LGBT performance targets transgender identity issues

LGBT performance targets transgender identity issues

By Madeline Keleher

The Main Lounge of Allen Hall will be filled with rhythmic storytelling, drag and rock ‘n’ roll tonight at 7:30. Transgender activist and performance artist Scott Turner Schofield, who has been visiting the University since Monday, will perform his work of spoken-word theater called “Underground TRANSit.”

Turner used “Underground TRANSit” as his honors thesis at Emory University in Atlanta. In the few years that have passed since he graduated, Turner has traveled the nation as a speaker and performer and was invited to the University for Lesbian, Gay, Bisexual, and Transgender Awareness Days.

“On this campus, the visibility of transgender people and the issues they face is low,” said Khristian Kemp-Delisser, assistant director of the Office of LGBT Concerns.

Transgender people face many obstacles just in daily life, from not being able to find the right bathroom to encountering difficulties with health coverage, Kemp-Delisser said.

“Underground TRANSit” portrays Turner’s journey in establishing his gender identity as a female-to-male transsexual.

“I identify as a transgender person as opposed to a man, because I have a woman’s history – I was almost homecoming queen,” Turner said.

The members of the LGBT staff are aware of a handful of transgender students and staff on campus, but none of them are openly transgender, Kemp-Delisser said. Transgender people are more common than most people realize, he said.

“The principal of my middle school had a sex change the summer I graduated,” said Sara Daleiden, freshman in LAS. “It was a big issue and affected the whole community.”

Daleiden said that her principal’s sex reassignment surgery made transgender issues seem more real to her. This is the type of change that Turner aims for in his performance.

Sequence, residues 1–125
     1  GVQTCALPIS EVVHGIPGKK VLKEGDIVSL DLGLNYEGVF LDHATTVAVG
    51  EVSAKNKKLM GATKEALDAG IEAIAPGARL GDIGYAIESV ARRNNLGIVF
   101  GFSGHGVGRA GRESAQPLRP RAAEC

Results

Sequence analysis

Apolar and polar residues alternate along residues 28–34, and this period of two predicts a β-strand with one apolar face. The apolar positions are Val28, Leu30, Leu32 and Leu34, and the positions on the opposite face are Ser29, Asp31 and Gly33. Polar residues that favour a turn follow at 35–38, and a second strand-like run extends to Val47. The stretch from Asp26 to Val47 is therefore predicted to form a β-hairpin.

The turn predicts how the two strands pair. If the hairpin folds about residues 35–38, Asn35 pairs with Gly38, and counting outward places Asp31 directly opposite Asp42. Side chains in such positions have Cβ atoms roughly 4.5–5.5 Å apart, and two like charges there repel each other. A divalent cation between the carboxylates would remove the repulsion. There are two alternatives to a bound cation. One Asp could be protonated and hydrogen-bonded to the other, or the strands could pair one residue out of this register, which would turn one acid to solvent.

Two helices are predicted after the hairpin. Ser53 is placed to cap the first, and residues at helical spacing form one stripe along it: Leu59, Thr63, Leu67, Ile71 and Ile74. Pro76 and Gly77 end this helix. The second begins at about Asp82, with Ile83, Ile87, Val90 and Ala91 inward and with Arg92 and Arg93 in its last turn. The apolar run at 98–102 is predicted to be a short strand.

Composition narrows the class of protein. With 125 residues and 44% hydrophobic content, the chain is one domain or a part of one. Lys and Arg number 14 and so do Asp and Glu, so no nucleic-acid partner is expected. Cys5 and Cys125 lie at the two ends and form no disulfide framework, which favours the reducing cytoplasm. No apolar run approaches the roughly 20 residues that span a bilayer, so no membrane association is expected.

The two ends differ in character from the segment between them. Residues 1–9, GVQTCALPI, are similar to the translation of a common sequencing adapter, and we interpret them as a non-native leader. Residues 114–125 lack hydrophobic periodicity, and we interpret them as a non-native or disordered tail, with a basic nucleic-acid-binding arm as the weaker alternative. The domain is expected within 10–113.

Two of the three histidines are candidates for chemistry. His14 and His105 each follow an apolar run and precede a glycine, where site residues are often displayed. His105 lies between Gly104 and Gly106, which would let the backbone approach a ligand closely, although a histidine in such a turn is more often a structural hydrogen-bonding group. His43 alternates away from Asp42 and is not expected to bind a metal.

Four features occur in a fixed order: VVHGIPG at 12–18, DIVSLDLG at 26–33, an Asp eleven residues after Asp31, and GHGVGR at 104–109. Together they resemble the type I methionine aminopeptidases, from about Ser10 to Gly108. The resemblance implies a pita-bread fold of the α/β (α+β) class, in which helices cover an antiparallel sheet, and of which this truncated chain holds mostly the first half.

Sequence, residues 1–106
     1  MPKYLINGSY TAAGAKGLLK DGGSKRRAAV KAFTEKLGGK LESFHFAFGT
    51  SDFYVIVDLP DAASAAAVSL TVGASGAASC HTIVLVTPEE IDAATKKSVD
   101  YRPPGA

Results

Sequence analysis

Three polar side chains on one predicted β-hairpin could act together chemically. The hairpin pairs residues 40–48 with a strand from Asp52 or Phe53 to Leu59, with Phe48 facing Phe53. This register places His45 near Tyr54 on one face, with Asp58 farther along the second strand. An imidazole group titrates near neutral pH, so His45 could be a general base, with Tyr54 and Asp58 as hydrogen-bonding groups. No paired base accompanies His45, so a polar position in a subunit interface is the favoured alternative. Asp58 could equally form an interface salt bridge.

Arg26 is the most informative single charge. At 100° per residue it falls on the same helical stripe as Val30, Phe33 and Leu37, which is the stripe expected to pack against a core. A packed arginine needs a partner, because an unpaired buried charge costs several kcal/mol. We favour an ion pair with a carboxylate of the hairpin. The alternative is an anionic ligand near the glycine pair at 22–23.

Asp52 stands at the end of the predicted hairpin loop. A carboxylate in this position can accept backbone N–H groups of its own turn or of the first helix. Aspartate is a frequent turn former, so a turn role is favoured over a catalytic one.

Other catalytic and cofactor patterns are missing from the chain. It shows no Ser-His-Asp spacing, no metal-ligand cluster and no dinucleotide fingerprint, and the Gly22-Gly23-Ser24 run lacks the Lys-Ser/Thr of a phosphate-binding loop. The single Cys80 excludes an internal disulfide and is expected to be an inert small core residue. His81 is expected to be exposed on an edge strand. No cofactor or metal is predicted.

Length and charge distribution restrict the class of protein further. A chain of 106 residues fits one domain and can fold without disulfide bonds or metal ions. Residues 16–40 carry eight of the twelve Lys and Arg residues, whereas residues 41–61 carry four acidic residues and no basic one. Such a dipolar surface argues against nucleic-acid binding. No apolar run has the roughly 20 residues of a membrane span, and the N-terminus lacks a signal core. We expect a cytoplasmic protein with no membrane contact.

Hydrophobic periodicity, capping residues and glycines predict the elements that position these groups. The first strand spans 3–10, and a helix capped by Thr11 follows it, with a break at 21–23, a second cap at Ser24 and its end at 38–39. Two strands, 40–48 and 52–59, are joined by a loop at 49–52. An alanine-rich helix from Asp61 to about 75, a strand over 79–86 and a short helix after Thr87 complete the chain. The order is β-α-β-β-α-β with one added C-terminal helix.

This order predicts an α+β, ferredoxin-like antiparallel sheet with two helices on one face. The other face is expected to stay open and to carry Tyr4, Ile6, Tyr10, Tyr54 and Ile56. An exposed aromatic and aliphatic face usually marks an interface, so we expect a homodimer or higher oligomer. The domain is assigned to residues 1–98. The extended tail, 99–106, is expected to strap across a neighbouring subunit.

“I want people to feel comfortable to come out and to listen and decide for themselves,” Turner said. “People make themselves (LGBT) allies by listening to my story and being changed by it. They can accept it, or at least learn about it and then decide if they want to accept it.”

Turner’s performance is not aimed at one particular group of people. In addition to LGBT groups, he does a lot of work with organizations such as sororities and fraternities.

“There’s a real dichotomy set up on college campuses where if you are LGBT, you think you can’t be in a Greek group because it’s diametrically opposed and unsafe for you to be there,” Turner said. “But of course, that’s untrue. We underestimate each other so much.”

Turner stressed that being gay or being Greek does not encompass everything that a person is. People have other stories and there are ways to connect with everybody, Turner said.

In a workshop Monday night, Turner addressed some common misconceptions about transgender people.

“Some people think that we’re freaks, or that all of us are actually straight, or that we’re all gay, and that we’re perverts- especially the male-to-female folks,” Turner said. “They think that a man wearing a dress must have some kind of sexual perversion.”

Turner also discussed the fear held by many who want to support transgender people. He said that because the issue of gender identity is so sensitive in our society, many would-be allies are afraid of making mistakes and causing offense.

“It’s all about taking risks, though,” Turner said. “I think that we all have to be more accepting when people are trying.”

Turner acknowledges that the issue of gender identity makes many people uneasy.

“It’s OK to be uncomfortable – it’s just not OK to take it out on other people,” Turner said. “Every month, at least one transwoman is murdered.”

Turner’s performance tonight concludes his stay at the University, and is free and open to the public.